Common or garden

Over a century of expertise informs the floral displays we take for granted in our parks, says David Revell. Photographs by Matthew Andrews
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Indy Lifestyle Online
Embossed bedding, jewel bedding, tapestry bedding, mosaic bedding, picture bedding and zoomorphic bedding are all names used at one time or another to describe the elaborate horticultural displays found in parks and on seafronts. "Carpet bedding" is what gardeners have settled on, and genteel Eastbourne, where manicured beds punctuate the terraces of Victorian hotels, is its natural home. In Eastbourne, I once saw a 10- ft high, floral lighthouse modelled on Beachy Head, which was topped by a revolving light.

To make these displays requires a slope or mound, then patience and ingenuity, a supple back, and the wherewithal to plant anywhere up to 30,000 foliage plants and succulents with names like Echevaria Excelsior, Sedum Glauca and Alternanthera. The succulents define the shapes (often diamonds, triangles or semicircles), which the low-growing plants fill in, as though colouring by numbers.

Flower bedding was a Victorian craze, a means of celebrating nature and colour amidst the polluted atmosphere of the Industrial Revolution, although the Gardeners' Chronicle of 1868 was censorious: "Gay and glittering a flower garden in its highest state of perfection should, indeed, be, but it need not, it ought not, to degenerate into a mere chromatoscope."

The more creative gardeners were undeterred. Spurred on by the discovery of new plant species on hunting expeditions in South Africa and South America, they competed to produce flags, medallions, heraldic symbols and representations of wildlife. A full-size piano appeared in a Bradford park. There were also crowns, flights of stairs and floral clocks - the first, in Edinburgh, had a fully-working mechanism and a cuckoo sound produced by organ pipes.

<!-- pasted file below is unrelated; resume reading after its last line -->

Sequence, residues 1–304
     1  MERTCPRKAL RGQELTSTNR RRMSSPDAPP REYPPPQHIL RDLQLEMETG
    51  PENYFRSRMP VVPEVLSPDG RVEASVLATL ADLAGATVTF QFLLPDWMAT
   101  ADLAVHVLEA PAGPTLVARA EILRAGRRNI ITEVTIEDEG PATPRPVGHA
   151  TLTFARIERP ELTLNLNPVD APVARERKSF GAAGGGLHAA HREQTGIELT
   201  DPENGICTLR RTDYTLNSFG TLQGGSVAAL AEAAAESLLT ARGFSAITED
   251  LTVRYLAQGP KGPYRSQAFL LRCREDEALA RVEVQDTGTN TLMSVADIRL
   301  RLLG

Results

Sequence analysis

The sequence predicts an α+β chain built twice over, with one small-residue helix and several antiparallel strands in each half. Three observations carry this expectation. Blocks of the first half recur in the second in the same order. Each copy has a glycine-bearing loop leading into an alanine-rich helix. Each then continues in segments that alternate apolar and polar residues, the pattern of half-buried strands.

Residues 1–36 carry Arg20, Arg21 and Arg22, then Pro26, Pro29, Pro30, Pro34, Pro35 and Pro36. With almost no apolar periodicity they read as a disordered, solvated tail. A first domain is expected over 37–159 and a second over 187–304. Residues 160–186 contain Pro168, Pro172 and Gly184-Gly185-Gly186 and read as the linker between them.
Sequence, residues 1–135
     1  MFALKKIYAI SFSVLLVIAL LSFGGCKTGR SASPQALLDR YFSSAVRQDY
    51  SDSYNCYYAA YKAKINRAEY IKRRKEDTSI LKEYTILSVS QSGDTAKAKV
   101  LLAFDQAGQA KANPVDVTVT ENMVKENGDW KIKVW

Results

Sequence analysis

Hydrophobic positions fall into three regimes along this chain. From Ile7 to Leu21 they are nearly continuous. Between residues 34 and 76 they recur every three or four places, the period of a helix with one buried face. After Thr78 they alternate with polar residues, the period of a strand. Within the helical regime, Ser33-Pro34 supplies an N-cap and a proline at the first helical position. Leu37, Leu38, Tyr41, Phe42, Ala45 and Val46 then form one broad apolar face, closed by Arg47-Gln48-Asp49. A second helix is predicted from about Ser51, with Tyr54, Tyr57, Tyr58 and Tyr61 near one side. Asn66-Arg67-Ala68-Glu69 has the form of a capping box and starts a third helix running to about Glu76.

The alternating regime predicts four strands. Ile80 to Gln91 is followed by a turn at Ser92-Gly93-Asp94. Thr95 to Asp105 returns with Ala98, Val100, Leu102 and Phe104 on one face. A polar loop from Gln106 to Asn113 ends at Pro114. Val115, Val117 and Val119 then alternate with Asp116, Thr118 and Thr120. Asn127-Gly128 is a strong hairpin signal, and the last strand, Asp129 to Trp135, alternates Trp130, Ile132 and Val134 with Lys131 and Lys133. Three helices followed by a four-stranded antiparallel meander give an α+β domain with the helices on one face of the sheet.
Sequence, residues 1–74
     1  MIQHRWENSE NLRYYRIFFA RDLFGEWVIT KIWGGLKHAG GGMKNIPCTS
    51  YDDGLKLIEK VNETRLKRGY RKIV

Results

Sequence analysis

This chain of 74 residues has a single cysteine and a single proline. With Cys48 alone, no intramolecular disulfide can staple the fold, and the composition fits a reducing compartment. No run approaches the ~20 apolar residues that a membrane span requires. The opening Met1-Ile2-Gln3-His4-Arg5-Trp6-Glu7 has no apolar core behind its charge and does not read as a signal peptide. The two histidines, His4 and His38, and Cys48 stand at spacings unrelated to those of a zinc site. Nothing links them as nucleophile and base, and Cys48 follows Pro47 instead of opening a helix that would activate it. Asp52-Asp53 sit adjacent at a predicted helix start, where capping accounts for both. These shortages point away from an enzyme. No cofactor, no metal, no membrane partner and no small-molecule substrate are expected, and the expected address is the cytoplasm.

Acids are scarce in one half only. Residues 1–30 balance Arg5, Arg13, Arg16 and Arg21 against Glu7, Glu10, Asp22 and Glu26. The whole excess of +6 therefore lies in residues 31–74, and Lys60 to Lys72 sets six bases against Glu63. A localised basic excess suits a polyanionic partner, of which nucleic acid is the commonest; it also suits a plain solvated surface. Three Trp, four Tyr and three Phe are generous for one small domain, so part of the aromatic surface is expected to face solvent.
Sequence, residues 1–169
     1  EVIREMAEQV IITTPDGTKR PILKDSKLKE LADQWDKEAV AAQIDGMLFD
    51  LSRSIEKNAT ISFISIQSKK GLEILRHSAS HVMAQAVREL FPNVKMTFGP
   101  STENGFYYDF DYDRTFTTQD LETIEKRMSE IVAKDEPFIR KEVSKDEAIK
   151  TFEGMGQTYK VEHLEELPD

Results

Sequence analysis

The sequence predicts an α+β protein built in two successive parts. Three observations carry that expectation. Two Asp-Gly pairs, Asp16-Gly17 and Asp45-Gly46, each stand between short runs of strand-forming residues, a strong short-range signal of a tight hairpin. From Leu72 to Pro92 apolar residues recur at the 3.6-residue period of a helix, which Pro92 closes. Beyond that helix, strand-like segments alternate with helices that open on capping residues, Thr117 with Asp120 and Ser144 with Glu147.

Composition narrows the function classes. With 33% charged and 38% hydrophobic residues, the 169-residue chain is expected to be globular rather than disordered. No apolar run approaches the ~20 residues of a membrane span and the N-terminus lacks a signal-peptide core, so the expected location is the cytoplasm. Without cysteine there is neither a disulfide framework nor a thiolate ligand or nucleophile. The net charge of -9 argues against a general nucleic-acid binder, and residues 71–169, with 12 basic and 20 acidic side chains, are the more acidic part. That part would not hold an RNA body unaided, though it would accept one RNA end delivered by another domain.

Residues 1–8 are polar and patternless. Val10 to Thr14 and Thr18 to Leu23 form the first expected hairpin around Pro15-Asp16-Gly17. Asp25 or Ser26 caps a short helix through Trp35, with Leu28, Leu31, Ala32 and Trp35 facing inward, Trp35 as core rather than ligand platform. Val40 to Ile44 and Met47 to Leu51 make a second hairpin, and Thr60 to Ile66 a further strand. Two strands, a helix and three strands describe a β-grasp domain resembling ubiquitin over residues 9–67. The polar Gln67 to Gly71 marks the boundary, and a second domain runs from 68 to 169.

Today, there's less ambition, and less money. Park gardeners now commonly celebrate charities, or advertise local businesses and attractions. But the procedures are the same. The soil is levelled and marked with string into foot squares. Sand fills the outlines of the scale drawing, to be replaced by the young plants, which must be well watered initially and then continually clipped with sheep shears to retain shape. A ladder is suspended to get at the middle bits.

Carpet bedding can seem like a rather vulgar special effect, or grand finale, in the repertoire of the public garden. But it is wonderfully English. It demonstrates extravagant craftsmanship, and raises a smile when you're stuck in the centre of Croydon. Every park, garden, roundabout and grassy verge should have one

If you have photographs of carpet beds or or any information and would like to contribute to a book on the art of carpet bedding, please write to David Revell, c/o LewisRevell 35 Fournier Street London E1 6QE

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